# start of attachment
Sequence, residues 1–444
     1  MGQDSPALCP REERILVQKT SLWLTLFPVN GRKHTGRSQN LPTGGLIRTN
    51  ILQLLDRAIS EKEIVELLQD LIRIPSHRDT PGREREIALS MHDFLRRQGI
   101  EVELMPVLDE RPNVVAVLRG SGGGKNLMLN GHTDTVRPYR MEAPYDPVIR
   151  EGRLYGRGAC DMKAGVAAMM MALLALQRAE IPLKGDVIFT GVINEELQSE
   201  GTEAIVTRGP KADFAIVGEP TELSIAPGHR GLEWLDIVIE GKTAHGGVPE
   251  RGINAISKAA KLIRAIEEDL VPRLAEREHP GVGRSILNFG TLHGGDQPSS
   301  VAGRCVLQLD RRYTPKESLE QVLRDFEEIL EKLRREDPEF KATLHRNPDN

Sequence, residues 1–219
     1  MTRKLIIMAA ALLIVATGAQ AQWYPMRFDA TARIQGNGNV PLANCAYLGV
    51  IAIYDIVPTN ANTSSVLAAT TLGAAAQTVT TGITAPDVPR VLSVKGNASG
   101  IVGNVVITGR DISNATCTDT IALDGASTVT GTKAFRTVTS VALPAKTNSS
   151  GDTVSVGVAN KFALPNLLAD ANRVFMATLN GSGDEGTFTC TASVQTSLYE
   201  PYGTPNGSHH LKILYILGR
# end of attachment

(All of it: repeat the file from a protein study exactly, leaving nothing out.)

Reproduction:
Sequence, residues 1–444
     1  MGQDSPALCP REERILVQKT SLWLTLFPVN GRKHTGRSQN LPTGGLIRTN
    51  ILQLLDRAIS EKEIVELLQD LIRIPSHRDT PGREREIALS MHDFLRRQGI
   101  EVELMPVLDE RPNVVAVLRG SGGGKNLMLN GHTDTVRPYR MEAPYDPVIR
   151  EGRLYGRGAC DMKAGVAAMM MALLALQRAE IPLKGDVIFT GVINEELQSE
   201  GTEAIVTRGP KADFAIVGEP TELSIAPGHR GLEWLDIVIE GKTAHGGVPE
   251  RGINAISKAA KLIRAIEEDL VPRLAEREHP GVGRSILNFG TLHGGDQPSS
   301  VAGRCVLQLD RRYTPKESLE QVLRDFEEIL EKLRREDPEF KATLHRNPDN

Sequence, residues 1–219
     1  MTRKLIIMAA ALLIVATGAQ AQWYPMRFDA TARIQGNGNV PLANCAYLGV
    51  IAIYDIVPTN ANTSSVLAAT TLGAAAQTVT TGITAPDVPR VLSVKGNASG
   101  IVGNVVITGR DISNATCTDT IALDGASTVT GTKAFRTVTS VALPAKTNSS
   151  GDTVSVGVAN KFALPNLLAD ANRVFMATLN GSGDEGTFTC TASVQTSLYE
   201  PYGTPNGSHH LKILYILGR